When Jeremiah called on Jaazaniah, he couldn’t knock on his door. Jaazaniah didn’t have one. (Jer 35) His tent had a doorway but nothing that he could lock, or that could be knocked on. (In some cultures we have to translate “Listen, I stand at the door and cough.” “…or call out.”)
I wonder what thoughts were going through Jaazaniah’s mind as he went to greet Jeremiah, that flamboyant, eccentric, off the wall, religious fanatic, from about town. Jeremiah had a reputation of not only wearing a yoke around his neck but of giving yokes away as gifts. (Jer 27) He hosted City Leaders to hold their council meetings at the city dump. One time he even traipsed off to the Euphrates to bury his underwear under a rock, and then journeyed back again to retrieve it … as if anyone would be interested in it! (Jer 13) Now this wild, waco, unpredictable prophet was standing in Jaazaniah’s doorway.
Jaazaniah was not a Hebrew, even though he lived in Israel. He was a descendent of Moses’ father in law, Jethro. He was leader of a clan of Gentiles who lived with Israel but were never assimilated. They lived in tents as resident aliens worshiping Jehovah, even though they were not allowed into the Temple. Now Jeremiah was summoning him, and every other Rechabite man, to accompany him to the Temple to meet with the Jewish Council. He gave no explanation, leaving all the women and children in a tizzy wondering what kind of trouble they were in. In the Temple, Jeremiah turned sociable, poured a welcoming glass of wine and gave instructions to: “Enjoy.” That put Jaaz in a quandary. His tribe was a guest in Israel, under the protection of the Israeli military, in submission to the Hebrew government as well as the Jewish religious leaders. But he also adhered to the instructions of his forefather Jonadab, who said they were to: live in tents, own no land and not drink wine. He had to make an ‘on the spot’ decision that was going to be in conflict with either his people … or these Jewish elders. I don’t know how easy his answer came, or how long it took him, but he declined Jeremiah’s hospitality.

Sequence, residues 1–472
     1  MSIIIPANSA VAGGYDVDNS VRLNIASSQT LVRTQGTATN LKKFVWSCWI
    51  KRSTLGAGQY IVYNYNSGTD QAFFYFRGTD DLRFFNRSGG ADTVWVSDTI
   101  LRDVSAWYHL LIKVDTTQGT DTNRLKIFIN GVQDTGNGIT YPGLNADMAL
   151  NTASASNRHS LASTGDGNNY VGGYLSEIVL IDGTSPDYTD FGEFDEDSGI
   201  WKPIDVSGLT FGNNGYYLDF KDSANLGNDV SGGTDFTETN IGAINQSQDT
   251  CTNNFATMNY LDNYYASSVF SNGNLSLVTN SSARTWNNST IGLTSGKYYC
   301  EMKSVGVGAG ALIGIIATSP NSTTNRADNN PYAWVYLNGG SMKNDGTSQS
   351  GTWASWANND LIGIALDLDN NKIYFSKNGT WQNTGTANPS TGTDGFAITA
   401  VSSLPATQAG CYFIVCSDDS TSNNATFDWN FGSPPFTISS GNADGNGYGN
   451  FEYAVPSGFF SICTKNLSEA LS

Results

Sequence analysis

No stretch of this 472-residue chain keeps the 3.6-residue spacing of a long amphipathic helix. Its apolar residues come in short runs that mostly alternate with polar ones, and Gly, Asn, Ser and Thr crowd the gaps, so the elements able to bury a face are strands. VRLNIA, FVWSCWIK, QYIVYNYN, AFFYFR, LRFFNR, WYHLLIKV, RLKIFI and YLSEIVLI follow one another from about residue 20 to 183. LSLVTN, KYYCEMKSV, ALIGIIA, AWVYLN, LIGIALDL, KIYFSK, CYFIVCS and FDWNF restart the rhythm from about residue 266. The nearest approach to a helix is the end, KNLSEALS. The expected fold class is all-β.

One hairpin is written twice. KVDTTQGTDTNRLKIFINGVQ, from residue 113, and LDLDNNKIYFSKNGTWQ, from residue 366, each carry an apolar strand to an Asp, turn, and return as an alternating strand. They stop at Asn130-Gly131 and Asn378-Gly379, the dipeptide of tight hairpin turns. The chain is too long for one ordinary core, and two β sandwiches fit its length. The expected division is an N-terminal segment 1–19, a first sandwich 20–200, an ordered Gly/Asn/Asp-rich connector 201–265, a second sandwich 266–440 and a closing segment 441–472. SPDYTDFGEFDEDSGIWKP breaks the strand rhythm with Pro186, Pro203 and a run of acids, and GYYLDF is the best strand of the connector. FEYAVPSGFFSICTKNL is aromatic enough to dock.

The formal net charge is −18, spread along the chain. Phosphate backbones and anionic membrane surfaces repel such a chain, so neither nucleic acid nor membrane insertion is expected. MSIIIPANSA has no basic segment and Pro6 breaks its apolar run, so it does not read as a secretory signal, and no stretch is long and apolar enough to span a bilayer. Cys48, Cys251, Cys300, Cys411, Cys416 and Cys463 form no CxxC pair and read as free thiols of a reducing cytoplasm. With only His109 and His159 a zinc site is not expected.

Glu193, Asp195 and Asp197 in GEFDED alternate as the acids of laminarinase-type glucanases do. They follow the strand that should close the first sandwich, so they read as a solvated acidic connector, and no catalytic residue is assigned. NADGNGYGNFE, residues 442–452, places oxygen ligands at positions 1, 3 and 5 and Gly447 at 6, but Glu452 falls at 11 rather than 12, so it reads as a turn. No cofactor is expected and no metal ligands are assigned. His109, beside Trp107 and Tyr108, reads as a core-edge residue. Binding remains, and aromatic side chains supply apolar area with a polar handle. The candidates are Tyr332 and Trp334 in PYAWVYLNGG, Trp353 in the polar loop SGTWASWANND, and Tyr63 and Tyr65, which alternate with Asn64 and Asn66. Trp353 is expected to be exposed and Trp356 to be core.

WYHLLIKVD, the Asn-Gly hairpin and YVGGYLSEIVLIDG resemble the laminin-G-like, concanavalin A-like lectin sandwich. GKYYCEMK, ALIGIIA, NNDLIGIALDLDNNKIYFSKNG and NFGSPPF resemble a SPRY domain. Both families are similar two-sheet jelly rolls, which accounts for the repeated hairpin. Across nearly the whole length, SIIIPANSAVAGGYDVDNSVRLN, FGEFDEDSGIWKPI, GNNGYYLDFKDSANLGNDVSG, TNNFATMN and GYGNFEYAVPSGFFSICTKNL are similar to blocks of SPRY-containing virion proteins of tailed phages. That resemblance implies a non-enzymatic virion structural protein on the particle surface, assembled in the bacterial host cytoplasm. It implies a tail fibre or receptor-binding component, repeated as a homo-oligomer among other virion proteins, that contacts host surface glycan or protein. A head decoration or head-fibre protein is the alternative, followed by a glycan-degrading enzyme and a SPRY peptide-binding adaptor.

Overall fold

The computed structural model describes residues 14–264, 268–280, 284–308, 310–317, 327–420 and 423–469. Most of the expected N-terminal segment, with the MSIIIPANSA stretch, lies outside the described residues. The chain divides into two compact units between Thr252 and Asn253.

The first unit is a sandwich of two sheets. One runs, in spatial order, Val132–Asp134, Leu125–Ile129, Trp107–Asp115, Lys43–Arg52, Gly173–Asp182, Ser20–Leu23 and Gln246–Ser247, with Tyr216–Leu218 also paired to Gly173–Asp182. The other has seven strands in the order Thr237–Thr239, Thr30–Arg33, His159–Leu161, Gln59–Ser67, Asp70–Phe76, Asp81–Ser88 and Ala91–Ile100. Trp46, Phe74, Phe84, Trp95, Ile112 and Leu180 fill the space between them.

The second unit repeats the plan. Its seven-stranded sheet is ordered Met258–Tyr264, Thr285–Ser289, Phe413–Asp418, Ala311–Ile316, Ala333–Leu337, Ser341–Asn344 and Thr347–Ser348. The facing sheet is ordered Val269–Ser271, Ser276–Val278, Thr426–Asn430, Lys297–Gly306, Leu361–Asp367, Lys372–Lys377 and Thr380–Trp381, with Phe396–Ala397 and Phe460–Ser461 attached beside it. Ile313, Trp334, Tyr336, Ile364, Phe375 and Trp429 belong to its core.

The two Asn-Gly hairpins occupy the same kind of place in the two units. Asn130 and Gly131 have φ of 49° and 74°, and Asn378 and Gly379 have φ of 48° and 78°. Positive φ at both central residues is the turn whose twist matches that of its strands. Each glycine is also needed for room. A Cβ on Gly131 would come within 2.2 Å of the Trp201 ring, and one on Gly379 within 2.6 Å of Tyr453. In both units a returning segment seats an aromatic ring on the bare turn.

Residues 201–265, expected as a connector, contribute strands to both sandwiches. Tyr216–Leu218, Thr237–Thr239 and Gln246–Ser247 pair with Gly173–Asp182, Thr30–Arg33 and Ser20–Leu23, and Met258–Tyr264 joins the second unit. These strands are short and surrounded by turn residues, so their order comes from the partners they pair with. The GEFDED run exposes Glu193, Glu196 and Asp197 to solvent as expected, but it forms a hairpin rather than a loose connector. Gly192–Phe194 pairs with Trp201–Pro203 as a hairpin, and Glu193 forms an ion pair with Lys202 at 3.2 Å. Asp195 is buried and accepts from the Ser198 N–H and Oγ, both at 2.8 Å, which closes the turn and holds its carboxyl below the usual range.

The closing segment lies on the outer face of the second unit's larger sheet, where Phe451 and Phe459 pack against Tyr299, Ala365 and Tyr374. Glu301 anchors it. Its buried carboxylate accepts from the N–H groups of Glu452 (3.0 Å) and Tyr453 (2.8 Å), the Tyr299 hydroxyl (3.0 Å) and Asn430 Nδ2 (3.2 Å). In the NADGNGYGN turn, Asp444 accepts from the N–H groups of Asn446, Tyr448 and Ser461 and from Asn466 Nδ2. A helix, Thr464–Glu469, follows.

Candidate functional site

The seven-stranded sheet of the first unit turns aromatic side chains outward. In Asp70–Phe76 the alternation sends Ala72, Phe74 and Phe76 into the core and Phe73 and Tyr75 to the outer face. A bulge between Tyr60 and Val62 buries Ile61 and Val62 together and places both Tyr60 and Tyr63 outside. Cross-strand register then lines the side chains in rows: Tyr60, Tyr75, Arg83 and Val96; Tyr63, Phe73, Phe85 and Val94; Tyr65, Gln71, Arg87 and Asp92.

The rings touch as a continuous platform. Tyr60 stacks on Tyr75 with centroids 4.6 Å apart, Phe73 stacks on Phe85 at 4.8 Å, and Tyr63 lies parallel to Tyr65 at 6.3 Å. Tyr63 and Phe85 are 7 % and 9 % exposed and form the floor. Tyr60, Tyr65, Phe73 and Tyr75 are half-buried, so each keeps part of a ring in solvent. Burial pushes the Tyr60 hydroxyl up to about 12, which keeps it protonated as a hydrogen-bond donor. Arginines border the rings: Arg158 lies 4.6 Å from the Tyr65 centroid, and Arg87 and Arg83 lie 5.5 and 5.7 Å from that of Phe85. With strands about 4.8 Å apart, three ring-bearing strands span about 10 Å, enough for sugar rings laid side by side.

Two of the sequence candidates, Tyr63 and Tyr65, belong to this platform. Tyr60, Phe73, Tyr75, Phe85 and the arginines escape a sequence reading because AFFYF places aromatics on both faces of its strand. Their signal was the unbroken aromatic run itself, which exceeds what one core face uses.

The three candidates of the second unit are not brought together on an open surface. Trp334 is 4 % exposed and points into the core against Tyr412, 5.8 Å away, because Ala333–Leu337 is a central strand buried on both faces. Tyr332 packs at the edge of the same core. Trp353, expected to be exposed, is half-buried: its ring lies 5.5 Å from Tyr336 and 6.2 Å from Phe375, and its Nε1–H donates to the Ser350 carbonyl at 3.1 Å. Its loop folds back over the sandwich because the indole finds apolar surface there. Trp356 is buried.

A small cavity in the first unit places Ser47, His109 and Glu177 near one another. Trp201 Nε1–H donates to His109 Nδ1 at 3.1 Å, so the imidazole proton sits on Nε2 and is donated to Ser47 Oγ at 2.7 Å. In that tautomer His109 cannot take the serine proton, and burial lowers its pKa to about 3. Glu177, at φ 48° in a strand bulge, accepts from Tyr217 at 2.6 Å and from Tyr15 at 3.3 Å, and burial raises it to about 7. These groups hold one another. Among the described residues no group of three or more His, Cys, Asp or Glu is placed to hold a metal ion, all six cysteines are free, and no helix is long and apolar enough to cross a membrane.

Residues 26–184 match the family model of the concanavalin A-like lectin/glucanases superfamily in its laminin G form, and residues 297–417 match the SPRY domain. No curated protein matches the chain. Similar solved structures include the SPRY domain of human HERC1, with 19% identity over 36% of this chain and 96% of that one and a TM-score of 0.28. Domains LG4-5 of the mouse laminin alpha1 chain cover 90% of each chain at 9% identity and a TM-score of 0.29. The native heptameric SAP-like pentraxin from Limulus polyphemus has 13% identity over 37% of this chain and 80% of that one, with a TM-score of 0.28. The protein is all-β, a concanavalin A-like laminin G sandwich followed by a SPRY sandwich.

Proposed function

That was exactly what Jeremiah wanted. He whirled to face the priests, and with shaking fists and angry voice he blasted those preachers right off their throne. “Look at these foreigners,” he raged, “they obey instructions from their grandfather, who is dead and gone, BUT YOU don’t even obey your God who is alive and present.” Then he whirled back to the Rechabite men and, probably in a calmer tone, predicted that because they showed that level of respect to their grandfather they would always have a descendant following God. (There are still God seeking Bedouins living in tents near the Dead Sea and also in Y’men.)
This invasion of the Temple was not a temptation to do evil, but a test of principle. It was an illustration for identifying and holding to specific values and beliefs that produce a behavioural life style of diligence. You cannot do what Jehoiakim did (Jer 36), when he used his penknife to cut out portions of scripture that he did not wish to obey. The knife serves the self-will of man, but not the spirit of anyone who longs to honour God.
In one of my training courses we look at the wheel (right) to identify life style behaviours. Doing so helps to determine personal values in eight life dimensions. That’s a heady exercise that most folks have never been taught to identify. It takes time to identify what you do, and then why you do it. (eg: eating with a knife; wearing shoes in the house; going to church; writing a journal etc etc) I’ve written out 39 things I do. They helped me discover specific values which then put my focus on why I believe they are important. I used this formula:
My behaviour is this:
because I value:
which is based on this foundational belief:
May you be blessed with a godly, generational, anointing of purpose in your life-style and behaviour. … john
(original post Aug 25 2014)